EAST DORSET, Vt. - There are plenty of rustic inns in Vermont. There are even plenty of inns in Vermont that are on the National Register of Historic Places. But there's only one inn in Vermont where the founder of one of the 20th century's great social movements was born.
That inn is the Wilson House. Although many people will wonder "Wilson who?," many others will know it is Wilson as in Bill Wilson, the Wall Street analyst of the '20s and '30s whose legacy lies in human, not financial, investment. Bill Wilson cofounded Alcoholics Anonymous. Both "Bill W." and "Dr. Bob," the other cofounder, were born in the Green Mountain State.
Wilson's birthplace was built as a hotel in 1852, but Wilson didn't come along until November 1895, when he was born in "the room behind the bar," as he used to say. Nowadays, both the bar and the bedroom are gone, having been replaced by a two-part parlor; but it's not uncommon, when sitting there, to hear visitors come in and point toward the corner and whisper reverently, "that's where he was born." A lamp burns continuously to mark the spot.
Back then, the rambling homestead had 28 rooms, 15 of them bedrooms, but by 1986, it had fallen into disrepair. A recovering alcoholic who was passing through town recognized the building and inquired about buying it.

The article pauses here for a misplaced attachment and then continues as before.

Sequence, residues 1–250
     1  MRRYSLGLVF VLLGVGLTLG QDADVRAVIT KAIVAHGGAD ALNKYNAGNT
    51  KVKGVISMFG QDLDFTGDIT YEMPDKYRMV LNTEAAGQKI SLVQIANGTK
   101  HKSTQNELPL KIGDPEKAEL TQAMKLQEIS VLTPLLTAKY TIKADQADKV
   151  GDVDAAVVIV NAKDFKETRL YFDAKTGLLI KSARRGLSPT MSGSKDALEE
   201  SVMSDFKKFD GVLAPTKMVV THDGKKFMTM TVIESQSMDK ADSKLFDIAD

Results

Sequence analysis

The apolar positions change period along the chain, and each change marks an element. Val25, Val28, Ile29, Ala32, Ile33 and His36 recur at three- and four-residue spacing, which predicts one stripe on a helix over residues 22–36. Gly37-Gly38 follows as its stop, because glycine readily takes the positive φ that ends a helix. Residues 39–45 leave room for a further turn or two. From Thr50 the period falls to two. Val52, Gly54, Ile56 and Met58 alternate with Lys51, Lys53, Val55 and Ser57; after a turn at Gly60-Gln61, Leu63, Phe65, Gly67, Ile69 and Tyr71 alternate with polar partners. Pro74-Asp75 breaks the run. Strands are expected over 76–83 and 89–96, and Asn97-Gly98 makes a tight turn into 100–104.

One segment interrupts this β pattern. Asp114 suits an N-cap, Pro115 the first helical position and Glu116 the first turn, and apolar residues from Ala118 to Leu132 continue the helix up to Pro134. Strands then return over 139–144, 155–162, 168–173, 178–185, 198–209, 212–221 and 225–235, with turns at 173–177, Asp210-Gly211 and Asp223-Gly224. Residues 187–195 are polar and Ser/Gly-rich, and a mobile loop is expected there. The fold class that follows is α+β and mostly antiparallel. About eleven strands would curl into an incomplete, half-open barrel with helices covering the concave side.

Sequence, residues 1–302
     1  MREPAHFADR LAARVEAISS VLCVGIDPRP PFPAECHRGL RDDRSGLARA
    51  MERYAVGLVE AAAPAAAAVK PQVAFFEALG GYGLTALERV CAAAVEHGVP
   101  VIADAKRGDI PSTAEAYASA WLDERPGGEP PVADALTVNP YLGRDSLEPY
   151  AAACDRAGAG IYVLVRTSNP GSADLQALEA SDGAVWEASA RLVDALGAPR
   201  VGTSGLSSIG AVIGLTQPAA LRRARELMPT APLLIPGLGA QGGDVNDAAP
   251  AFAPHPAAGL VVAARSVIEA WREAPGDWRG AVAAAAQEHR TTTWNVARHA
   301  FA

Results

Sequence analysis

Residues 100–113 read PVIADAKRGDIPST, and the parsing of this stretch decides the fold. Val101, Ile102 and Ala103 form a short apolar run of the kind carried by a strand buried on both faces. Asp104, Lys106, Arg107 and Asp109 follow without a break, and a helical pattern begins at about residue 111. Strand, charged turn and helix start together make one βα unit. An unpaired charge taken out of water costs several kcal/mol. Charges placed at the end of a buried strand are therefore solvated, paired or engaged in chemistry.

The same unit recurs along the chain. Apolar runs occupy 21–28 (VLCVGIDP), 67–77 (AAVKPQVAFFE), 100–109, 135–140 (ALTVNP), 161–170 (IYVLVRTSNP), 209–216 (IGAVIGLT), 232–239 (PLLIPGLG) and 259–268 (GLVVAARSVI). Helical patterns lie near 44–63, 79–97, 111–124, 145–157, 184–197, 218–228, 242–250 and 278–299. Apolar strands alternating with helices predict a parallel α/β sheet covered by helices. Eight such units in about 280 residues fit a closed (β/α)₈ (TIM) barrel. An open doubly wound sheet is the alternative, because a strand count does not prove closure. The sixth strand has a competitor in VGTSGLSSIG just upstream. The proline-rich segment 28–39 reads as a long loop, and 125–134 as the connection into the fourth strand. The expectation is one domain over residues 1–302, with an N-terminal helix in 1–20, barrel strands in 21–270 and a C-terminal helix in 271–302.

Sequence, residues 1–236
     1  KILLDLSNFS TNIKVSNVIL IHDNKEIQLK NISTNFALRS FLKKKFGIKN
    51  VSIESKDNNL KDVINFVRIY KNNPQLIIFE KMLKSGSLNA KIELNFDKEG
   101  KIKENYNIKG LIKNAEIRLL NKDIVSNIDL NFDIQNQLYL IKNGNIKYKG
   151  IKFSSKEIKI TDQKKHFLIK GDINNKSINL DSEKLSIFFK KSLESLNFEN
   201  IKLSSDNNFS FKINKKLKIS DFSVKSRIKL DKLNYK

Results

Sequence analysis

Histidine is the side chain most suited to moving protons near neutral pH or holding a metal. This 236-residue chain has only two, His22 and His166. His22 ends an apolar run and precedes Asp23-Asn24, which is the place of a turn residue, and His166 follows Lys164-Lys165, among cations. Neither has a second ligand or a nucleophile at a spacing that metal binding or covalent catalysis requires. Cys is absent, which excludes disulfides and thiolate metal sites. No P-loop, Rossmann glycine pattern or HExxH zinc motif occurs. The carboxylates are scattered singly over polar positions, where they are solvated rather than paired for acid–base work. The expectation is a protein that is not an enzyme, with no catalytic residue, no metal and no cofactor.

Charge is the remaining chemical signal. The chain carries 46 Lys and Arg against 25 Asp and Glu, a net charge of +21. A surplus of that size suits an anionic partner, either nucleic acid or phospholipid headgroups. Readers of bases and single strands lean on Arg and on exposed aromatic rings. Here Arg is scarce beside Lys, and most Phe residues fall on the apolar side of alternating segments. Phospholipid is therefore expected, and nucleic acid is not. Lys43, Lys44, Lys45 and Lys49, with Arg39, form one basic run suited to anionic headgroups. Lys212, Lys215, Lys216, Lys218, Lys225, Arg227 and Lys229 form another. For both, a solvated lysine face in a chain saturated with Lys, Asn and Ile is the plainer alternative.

"Everything just fell into place," said Bonnie Lepper, who helps runs the house. "It was not up for sale at the time, but the owner had just decided to sell." So the alcoholic bought it and created a nonprofit foundation so no individual would ever own it again.
"He didn't have the money to repair it, but little by little, by donations and by people with skills, it was repaired, and it opened a year later with just a few rooms," Lepper said. Today, the red and white Greek Revival building has 13 single and double rooms, plus an efficiency apartment.
Overnight guests generally come from one of two categories: members of AA or some other recovery group (about 100 organizations use the 12 Steps devised for AA), and students of history. The house was placed in the historical register in 1995.
But anyone is welcome, and Wilson House is, after all, an old Vermont inn: The decor is country quaint, with period furnishings, lace curtains, and floors that slant just enough to suggest their age. Bonhomie abounds, not only among clientele but among the staff, many of whom are volunteers.
Some staffers work full time and others devote their vacations to life in the house; almost everyone who works there has some connection to 12-step life, either personally or via a family member. This notion of service contributes to a delicate serenity within Wilson's walls that is supplemented by the decision to keep guest- rooms free of electronic devices, even telephones.
The food offered in the small dining room is earthy, filling, and plentiful, and the cooks do their best to meet special needs. Meals are sometimes served in sittings to accommodate not only guests but the stream of folks who come for an afternoon or an evening.